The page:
I have moments when I feel an internal intensity so strong that I think I’m bordering on a Hulk experience. But a different kind of Hulk. Not an angry Hulk, like the one we’re all familiar with, though I’m certainly not exempt from that after a few sleepless nights, courtesy of my toddler. No, a converted Hulk who holds the tension between a desire so strong to give God everything, yet doesn’t always know how to give him everything. I mean...
What is “everything?”
What am I doing? How do I do it? To quote a funny gal I once knew, “Where are we going and will there be snacks?”
In these moments, the emotion seems to be enlarging me beyond normal human proportions. Unfortunately, it is not, so I can’t blame that extra COVID 10-pounds on some weird physical transformation.
Rather, the emotion is focusing me on my need for Christ, because in the next inhale, I see how inadequate my “everything” is.
My offering is humble. I don’t know that it can produce much for this great big world sinking in suffering and untruth. My reach isn’t far. My abilities are finite. My resources are limited.
I believe this assessment is fair and accurate.
But, the Spirit is kind to remind me of another accurate statement. This one is found in scripture, the place to constantly return to for truth. Jesus said, “My grace is sufficient for you, for my power is made perfect in weakness” (2 Corinthians 12:9).
It’s not that my everything is enough because my everything is incalculably great.
My everything is enough because he is so great.
He takes the humblest offerings and makes them plentiful.
Do you know the story of the seven loaves and two fish? Jesus turns a meal for a small family into a feast for over 5,000 men, women, and children (Matthew 14:13-21).
How about the water into wine account? Most people enjoy this one, in which Jesus kept the party going during what would have otherwise been an embarrassing wedding situation (John 2:1-11).
My personal favorite is the time he told Simon, his disciple, to lower his fishing net into the water, despite having fished hard all night and catching nothing at all. The net returned so full, they had to call for backup to help pull it in. Even with both boats sharing the wealth, everyone began to sink from the weight (Luke 5:1-11).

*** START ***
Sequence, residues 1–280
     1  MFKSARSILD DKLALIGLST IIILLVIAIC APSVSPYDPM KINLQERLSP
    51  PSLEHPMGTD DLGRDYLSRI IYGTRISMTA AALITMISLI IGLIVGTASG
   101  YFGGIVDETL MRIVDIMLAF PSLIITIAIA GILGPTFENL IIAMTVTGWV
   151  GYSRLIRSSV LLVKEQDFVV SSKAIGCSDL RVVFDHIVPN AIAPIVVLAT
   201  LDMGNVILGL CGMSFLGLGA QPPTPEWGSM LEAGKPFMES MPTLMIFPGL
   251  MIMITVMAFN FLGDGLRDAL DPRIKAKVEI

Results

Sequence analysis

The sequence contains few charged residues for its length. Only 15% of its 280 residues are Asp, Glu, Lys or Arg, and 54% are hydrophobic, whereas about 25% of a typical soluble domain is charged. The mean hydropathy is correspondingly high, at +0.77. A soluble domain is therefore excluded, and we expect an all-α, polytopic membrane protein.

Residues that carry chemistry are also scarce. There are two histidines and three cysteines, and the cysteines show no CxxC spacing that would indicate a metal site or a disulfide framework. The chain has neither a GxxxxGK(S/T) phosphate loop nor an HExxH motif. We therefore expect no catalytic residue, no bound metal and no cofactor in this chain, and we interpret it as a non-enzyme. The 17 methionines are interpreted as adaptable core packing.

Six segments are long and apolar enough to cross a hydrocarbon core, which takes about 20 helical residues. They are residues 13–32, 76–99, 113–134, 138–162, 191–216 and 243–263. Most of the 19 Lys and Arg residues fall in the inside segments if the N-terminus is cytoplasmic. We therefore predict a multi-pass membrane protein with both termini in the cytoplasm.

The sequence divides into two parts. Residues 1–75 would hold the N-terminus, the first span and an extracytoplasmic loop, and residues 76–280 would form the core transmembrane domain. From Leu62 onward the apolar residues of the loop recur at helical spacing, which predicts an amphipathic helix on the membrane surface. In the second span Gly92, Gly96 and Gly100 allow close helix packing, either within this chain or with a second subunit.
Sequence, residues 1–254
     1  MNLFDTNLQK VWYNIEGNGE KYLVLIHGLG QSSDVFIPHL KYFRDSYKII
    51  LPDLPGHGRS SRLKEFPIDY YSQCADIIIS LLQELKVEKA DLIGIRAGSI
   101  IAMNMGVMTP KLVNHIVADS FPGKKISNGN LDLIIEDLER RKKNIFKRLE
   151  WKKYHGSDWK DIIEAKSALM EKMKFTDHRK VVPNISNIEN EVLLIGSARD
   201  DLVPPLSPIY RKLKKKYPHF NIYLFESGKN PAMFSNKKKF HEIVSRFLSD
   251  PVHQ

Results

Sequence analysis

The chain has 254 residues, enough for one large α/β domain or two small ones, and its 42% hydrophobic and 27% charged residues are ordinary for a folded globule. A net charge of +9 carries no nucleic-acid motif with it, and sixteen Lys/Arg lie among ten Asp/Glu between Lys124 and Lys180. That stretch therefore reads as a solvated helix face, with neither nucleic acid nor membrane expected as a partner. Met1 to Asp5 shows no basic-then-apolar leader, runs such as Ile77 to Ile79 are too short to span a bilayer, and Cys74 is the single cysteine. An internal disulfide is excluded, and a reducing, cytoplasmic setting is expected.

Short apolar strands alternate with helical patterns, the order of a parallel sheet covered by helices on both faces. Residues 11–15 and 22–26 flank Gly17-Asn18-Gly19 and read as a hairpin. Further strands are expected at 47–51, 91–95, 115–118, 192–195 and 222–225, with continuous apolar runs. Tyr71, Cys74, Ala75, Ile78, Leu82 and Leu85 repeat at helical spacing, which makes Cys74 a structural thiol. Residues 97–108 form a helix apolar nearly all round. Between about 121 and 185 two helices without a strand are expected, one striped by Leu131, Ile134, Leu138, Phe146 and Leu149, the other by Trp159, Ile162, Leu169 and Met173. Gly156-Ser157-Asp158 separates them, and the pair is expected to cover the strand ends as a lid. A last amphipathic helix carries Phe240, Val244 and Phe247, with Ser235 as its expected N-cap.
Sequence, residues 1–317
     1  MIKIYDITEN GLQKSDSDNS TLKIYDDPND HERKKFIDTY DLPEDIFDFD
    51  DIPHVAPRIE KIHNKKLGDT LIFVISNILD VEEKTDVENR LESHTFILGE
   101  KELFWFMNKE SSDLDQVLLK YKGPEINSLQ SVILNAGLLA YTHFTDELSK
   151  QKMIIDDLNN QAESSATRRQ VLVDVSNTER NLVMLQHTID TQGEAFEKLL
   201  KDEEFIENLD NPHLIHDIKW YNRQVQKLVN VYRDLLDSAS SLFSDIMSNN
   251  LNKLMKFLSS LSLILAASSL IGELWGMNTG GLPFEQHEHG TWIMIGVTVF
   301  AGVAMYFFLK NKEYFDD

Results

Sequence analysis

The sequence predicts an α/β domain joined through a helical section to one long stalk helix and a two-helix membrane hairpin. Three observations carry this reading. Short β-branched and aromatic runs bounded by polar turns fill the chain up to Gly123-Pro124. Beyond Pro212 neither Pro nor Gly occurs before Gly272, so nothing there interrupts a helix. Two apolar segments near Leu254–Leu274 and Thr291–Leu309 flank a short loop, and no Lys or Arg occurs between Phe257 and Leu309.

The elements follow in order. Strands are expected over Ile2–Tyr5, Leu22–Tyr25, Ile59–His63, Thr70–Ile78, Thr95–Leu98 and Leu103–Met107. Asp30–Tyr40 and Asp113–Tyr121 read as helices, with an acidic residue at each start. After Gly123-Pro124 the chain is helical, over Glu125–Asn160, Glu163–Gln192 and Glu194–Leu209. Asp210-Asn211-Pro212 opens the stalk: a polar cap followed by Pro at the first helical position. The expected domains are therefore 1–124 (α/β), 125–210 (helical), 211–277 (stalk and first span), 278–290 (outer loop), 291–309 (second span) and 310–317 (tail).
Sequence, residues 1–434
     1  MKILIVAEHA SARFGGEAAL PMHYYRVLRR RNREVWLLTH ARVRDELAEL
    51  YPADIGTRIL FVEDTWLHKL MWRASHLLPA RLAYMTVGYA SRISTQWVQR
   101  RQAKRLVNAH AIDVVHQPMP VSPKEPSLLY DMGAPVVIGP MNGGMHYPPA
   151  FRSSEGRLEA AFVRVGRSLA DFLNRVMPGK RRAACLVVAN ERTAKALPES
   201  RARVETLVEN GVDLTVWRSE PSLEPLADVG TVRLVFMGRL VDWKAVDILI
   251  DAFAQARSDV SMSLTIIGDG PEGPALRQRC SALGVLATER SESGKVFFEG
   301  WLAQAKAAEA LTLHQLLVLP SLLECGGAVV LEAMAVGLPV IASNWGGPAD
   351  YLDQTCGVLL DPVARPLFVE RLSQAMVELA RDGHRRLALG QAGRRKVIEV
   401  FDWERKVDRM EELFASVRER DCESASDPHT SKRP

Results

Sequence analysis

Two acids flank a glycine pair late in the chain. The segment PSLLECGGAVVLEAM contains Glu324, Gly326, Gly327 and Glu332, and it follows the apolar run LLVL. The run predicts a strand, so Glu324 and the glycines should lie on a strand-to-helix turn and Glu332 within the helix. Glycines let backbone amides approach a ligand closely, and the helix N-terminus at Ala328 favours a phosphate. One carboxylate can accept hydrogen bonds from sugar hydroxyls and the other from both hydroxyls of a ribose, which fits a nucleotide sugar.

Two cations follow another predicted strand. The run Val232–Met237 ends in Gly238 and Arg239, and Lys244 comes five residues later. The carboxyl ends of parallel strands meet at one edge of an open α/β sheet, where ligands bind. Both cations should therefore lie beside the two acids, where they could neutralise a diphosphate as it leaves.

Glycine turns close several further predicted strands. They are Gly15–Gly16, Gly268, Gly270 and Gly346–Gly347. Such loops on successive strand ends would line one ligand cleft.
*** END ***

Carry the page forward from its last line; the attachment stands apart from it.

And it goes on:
In the first example, Jesus uses a meager amount of food and a willingness to pass it out to the crowd to create significant impact. In the second example, he uses water in stone jars and a willingness to follow his instructions. In the third example, he literally uses nothing other than willingness to cast the net, which turned into an almost cartoonish amount of fish.
The common denominator: willingness to listen to him.
That’s all I need to have. A willing heart position and a knowledge of his voice.
P.S.A. Don’t forget the second part. You can’t be willing to listen to him, yet not know what he sounds like. If you’re not sure where to start on hearing the voice of God, click the above hyperlinked scripture references to get to know him, and if you’re able, invest in this translation. Proper biblical interpretation will be my passion until I die, so please reach out if you need any help getting started!
So, when I feel that internal tension between desire and inadequacy, I remember these biblical accounts and instead feel a combination of rest and motivation. Contradictory as these two words may sound, I am at rest because I know what I can and cannot do on my own, and I accept my limitations. I am motivated because I know what he can do with my efforts, if I am willing to give him full reign. To give him everything.
Heart, soul, mind, my very being. Everything.
There are challenges. But this decision is so exciting, because:
His version of multiplication is way better than any math I’ve ever done.
Have you witnessed a miracle of multiplication in your own life? For example, was there ever a time you didn’t think you had enough (time, energy, resources), and yet, when the moment arrived, you did?
When you think about giving God your heart, soul, and mind, do you feel any resistance to that proposition? Why, or what do you think that is about?
What does it mean to hear God’s voice? How have you heard him speak to you in the past?